Losing a loved one is devastating regardless of the circumstances. What makes the suffering worse is losing a parent or a child because of negligence or an intentional act.
Although nothing can bring our loved one back, a “wrongful death” claim can hold the liable person responsible regardless of whether the person is convicted in a criminal proceeding.
Wrongful Death Claim
A wrongful death claim is a civil action, typically brought by close family members of the victim or a representative of the deceased person’s estate. Valid claims can stem from personal injury situations where the victim is killed, such as car accidents, medical malpractice events, and even murder.
Although each state has its own wrongful death laws, certain elements of these cases apply universally:
- A human being dies
- Another person’s negligence or intent to harm caused the death
- Survivors are harmed by the loss of the victim
- The survivors suffer monetary injuries as a result of the death
When Is a Wrongful Death Claim Applicable?
A wrongful death claim can be brought after situations in which a victim who would otherwise have a valid personal injury claim is killed as a result of the defendant’s wrongful action. This can occur in a variety of scenarios, including:
When a victim is intentionally killed. For example, O.J. Simpson was sued in civil court for the wrongful deaths of Nicole Brown and Ronald Goldman. These civil lawsuits brought by the victim’s families were a separate matter from the state’s criminal case against Simpson.
When a victim dies as a result of medical malpractice. If a doctor fails to diagnose a condition, or if the doctor is careless in the level of care provided, and a patient dies as a result, a wrongful death action might be possible against the doctor.
Car accident fatalities involving negligence. If a victim dies as a result of car accident injuries, a wrongful death claim may be brought.
These are merely several examples of personal injury cases that can become wrongful death claims. What’s more, one of these claims can emanate from almost any type of personal injury situation, however, one notable exception may exist for work injuries that result in death, which typically is handled exclusively through the worker’s compensation system.
A majority of wrongful death lawsuits are subsequent to related criminal trials and use the same evidence, though a lower burden of proof may apply. If a claim alleges negligence, then the plaintiff and his attorney will have to be able to show that the defendant owed the victim a duty of care, that the duty was violated and it led to the victim’s death, and that the death caused recoverable damages to the victim’s survivors.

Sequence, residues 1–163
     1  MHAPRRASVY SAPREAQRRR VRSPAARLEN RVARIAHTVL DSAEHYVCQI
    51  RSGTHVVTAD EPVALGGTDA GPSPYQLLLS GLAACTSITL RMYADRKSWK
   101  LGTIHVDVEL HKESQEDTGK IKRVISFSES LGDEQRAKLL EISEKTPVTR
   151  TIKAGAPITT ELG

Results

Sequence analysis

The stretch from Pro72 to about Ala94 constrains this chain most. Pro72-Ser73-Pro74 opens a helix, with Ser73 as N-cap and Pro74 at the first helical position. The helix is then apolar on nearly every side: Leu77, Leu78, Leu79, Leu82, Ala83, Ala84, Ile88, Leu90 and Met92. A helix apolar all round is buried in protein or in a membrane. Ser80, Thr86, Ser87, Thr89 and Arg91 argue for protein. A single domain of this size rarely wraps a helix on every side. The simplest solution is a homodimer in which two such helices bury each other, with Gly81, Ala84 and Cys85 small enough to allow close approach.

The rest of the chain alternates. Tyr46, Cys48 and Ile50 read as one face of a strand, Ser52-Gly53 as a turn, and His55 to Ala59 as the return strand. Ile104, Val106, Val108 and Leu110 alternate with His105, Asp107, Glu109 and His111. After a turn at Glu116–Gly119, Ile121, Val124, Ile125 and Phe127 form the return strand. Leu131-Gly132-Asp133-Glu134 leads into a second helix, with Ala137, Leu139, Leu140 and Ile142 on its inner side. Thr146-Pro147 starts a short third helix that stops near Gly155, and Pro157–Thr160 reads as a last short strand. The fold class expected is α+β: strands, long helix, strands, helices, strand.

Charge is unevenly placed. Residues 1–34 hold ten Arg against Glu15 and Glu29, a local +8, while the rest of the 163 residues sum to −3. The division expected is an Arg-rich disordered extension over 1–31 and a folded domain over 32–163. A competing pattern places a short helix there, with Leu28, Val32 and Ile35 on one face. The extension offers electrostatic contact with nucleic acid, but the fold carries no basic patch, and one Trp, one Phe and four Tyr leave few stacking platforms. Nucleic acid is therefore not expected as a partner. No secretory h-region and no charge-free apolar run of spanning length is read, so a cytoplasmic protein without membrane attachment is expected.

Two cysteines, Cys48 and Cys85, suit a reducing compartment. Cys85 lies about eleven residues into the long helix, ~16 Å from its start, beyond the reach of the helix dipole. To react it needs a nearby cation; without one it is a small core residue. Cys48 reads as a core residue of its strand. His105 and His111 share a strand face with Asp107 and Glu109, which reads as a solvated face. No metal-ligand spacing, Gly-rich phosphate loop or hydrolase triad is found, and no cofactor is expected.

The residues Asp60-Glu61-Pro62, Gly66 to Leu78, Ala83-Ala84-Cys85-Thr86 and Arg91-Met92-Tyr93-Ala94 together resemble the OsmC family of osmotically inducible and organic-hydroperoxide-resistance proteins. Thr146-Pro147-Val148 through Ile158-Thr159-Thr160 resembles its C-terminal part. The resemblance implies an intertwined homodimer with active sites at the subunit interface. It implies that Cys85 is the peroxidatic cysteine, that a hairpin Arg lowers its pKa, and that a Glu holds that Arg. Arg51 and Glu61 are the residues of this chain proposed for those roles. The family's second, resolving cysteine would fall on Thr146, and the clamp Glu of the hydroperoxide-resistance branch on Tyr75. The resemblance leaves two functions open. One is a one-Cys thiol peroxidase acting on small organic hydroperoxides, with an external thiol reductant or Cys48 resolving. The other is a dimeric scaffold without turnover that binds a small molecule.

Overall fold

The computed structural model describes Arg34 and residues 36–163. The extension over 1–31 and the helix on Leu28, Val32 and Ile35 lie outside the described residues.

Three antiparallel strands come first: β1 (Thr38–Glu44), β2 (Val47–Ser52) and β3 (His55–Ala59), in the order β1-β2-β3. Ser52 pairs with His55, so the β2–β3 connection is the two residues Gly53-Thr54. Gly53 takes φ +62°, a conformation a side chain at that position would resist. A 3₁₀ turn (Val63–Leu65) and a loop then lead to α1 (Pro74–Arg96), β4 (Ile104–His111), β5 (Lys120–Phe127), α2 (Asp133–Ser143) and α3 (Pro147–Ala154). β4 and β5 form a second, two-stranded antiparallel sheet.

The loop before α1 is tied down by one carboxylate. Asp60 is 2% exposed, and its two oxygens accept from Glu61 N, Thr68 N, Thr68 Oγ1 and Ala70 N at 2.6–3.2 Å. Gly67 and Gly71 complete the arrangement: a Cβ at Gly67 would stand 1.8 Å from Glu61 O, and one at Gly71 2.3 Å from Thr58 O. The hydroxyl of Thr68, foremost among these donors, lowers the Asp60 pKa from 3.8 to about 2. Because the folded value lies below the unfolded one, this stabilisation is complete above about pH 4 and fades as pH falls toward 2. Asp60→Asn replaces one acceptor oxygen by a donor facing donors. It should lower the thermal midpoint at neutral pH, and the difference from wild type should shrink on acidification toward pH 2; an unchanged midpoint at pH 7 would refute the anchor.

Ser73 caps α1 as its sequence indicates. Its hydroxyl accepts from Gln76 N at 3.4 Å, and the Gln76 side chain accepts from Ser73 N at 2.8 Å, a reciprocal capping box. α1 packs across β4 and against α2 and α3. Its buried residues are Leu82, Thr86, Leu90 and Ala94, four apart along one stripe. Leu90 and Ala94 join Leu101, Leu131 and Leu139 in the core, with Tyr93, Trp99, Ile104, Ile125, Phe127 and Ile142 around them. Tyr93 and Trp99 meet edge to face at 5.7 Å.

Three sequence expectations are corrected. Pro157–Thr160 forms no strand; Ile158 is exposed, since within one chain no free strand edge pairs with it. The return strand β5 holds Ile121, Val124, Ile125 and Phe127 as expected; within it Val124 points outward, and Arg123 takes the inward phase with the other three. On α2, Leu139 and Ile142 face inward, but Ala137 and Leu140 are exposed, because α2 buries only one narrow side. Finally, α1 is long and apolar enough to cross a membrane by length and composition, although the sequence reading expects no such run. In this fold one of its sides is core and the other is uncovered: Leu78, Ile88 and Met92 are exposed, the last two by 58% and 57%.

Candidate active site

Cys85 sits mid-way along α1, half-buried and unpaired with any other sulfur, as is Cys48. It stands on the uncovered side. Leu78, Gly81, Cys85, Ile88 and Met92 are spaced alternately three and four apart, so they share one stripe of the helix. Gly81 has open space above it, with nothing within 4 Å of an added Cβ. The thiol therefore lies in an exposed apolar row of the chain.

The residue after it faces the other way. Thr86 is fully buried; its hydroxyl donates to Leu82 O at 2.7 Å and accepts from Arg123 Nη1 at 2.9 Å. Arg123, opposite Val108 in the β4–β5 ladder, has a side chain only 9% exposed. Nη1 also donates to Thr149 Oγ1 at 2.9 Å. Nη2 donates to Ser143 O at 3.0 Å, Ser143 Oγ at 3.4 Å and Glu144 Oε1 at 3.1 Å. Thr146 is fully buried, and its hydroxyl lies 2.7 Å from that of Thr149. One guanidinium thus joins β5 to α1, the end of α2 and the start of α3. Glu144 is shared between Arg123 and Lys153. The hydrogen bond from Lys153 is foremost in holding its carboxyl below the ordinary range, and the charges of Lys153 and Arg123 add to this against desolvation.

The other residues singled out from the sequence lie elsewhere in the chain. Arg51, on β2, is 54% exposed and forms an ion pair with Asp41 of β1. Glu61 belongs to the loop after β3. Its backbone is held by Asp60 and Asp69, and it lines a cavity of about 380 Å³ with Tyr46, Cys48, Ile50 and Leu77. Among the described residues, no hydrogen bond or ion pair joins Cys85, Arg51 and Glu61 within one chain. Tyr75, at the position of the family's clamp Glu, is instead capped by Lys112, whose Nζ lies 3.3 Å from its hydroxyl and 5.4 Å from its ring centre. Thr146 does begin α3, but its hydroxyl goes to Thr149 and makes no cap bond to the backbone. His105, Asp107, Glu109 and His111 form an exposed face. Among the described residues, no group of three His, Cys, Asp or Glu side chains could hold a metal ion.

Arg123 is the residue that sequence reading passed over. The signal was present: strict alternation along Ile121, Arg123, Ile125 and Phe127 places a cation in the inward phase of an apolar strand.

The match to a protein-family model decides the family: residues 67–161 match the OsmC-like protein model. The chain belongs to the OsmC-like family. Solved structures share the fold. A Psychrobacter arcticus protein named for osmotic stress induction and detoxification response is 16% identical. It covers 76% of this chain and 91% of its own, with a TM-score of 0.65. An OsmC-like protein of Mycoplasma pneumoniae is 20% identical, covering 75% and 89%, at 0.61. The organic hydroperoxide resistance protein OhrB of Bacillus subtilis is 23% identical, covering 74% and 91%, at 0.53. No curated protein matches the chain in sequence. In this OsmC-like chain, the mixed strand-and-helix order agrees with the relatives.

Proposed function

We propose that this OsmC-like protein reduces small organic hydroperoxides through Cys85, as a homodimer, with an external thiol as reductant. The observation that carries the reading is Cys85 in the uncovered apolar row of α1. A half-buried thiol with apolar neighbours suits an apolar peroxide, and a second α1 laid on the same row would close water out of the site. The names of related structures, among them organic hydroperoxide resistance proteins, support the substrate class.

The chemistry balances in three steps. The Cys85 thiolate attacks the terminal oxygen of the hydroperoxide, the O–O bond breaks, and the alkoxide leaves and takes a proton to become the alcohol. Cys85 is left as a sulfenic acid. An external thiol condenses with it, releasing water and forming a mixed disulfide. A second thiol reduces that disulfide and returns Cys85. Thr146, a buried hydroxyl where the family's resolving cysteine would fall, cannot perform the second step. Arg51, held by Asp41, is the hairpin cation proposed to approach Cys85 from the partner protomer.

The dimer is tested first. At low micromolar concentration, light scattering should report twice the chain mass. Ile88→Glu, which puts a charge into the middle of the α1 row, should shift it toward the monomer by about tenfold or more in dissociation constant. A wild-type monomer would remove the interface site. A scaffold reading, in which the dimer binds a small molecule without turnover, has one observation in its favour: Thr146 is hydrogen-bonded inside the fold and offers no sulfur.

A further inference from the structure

What Must Be Proven?
In order to hold the defendant liable in a wrongful death claim, the plaintiffs in the claim – usually through the estate of the deceased victim – must meet the same burden of proof that the victim would have had to meet had the victim lived. Therefore, using negligence as an example, this means showing that the defendant owed the victim a duty of care, that the defendant breached this duty, that the breach of duty was a direct and proximate cause of the death, and that the death caused the damages that the plaintiff is trying to recover.
Who Can File a Wrongful Death Claim?
In all states, a spouse can bring a wrongful death action on behalf of his or her deceased spouse. Parents of minors may also initiate a wrongful death action if one of their children is killed, and minors are able to collect compensation over the death of a parent. Where there is disagreement among the states is whether parents of adult children can sue, whether adult children can sue for the death of their parents, whether grown siblings can sue for wrongful death, or whether extended relatives, such as cousins, aunts, uncles, or grandparents, can sue.
More often than not, the more distant the familial relationship is, the harder it will be to get a legal remedy with a wrongful death case.
There are states where a romantic partner of the deceased may bring a wrongful death claim – marriage is not a requirement – as can anyone who can show financial dependence on the deceased.
Wrongful Death Damages
Damages in a wrongful death claim – categories of losses for which a survivor might be able to receive compensation – include:
- The deceased person’s pre-death “Pain and suffering” (usually called a “survival” claim).
- The medical treatment costs that the deceased victim incurred as a result of the injury prior to death.
- Funeral and burial costs.
- Loss of the deceased person’s expected income
- Loss of any inheritance as a result of the death.
- Value of the services that the deceased would have provided.
- Loss of care, guidance, and nurturing that the deceased would have provided.
- Loss of love and companionship, and
- Loss of consortium.
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This article is for informational purposes only and does not contain legal advice.